In the coal mining region of Pennsylvania, Wanda Goronski is constantly drinking to shut out the problems in her life. Having deserted her husband and infant children, Wanda sleeps on her ... See full summary »
A troubled youth from a split Los Angeles family is sent to a private psychiatric hospital after a violent scrape with the police. In the hospital, he makes a connection with one of the doctors who has his own problems.
I can't do much but repeat what the other two reviews have said. This is an amazing, thought-provoking piece of cinema verite. From the team who brought us the incredible "Demon Lover Diaries" comes this biting insight into the life of teens in middle America.
I first saw this my freshman year in college. I loved its naturalistic style, and it reminded me of my own growing up in Midwestern USA.
I saw it again in another class a couple of years later, and with a little bit of perspective, I enjoyed it even more for the filmmakers' incredible ability to capture their subjects without any influence or changing the subjects' actions.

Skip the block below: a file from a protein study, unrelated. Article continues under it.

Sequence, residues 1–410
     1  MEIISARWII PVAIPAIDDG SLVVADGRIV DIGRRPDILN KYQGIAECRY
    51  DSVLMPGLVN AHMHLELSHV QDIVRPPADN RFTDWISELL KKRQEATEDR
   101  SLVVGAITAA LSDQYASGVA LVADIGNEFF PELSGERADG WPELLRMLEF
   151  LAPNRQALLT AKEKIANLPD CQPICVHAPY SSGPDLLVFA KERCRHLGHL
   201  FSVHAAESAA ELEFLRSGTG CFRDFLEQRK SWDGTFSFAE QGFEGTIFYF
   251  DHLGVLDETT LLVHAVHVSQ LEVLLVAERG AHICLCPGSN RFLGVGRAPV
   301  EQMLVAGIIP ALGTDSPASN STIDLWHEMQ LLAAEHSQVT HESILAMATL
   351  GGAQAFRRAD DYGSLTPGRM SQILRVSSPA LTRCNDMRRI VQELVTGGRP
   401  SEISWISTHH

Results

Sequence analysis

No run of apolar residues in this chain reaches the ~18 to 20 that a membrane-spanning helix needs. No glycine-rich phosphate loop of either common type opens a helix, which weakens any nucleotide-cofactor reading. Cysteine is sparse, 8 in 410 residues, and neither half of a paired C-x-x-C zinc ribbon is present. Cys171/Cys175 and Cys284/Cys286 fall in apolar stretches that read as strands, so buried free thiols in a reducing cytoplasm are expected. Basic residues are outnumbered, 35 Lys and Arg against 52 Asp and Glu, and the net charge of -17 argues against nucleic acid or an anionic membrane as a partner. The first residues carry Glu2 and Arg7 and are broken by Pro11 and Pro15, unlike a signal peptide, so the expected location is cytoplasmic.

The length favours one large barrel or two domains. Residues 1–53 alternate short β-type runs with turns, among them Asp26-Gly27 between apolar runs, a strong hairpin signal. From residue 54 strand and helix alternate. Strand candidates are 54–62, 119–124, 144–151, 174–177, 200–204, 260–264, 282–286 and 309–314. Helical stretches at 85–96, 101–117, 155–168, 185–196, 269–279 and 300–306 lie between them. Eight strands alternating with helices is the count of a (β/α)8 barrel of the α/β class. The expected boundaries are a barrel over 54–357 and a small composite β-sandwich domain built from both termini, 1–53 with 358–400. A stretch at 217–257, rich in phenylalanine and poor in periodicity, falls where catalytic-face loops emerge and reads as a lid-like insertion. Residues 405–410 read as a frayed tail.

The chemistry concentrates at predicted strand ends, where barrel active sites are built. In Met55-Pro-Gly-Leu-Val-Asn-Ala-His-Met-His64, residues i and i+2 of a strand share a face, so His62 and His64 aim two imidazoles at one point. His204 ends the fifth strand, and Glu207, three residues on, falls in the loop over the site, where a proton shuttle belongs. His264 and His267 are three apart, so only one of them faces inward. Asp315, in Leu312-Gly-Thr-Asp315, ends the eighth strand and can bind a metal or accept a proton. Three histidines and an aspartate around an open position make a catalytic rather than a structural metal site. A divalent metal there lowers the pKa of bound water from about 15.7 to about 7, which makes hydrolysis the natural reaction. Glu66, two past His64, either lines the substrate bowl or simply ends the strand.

As others have mentioned, it was commissioned by PBS as a part of a series on Muncie, Indiana, which had been named the "population center" of the United States at the time, and therefore truly "Middle America." Other documentary filmmakers made pieces for this series that were more conventional looks at the town and its history. One thing that I do think other reviewers have wrong is saying that PBS did not air this. At both screenings I attended, it was stated that it did air on PBS once, but was pulled from further re-broadcasts of the "Middle America"/"Muncie" series.
Any bootlegs you can find (and they are rare, even by bootleg standards) come from this initial PBS broadcast, more than likely. I consider myself extremely lucky to have seen this on the big screen (at USC) not once, but twice, and it has left an indelible mark on my memory. If you get ANY chance to see it, buy it, borrow it, etc., do not miss the opportunity.
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